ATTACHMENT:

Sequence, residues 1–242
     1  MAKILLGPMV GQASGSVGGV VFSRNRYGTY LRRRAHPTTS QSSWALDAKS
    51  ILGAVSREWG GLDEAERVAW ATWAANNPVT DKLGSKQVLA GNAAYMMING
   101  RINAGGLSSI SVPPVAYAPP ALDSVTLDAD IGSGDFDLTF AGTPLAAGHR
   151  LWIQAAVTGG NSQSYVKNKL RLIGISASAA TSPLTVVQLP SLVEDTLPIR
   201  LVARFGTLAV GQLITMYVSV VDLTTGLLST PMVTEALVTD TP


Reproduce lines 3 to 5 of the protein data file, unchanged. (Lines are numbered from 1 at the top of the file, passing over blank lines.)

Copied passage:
    51  ILGAVSREWG GLDEAERVAW ATWAANNPVT DKLGSKQVLA GNAAYMMING
   101  RINAGGLSSI SVPPVAYAPP ALDSVTLDAD IGSGDFDLTF AGTPLAAGHR
   151  LWIQAAVTGG NSQSYVKNKL RLIGISASAA TSPLTVVQLP SLVEDTLPIR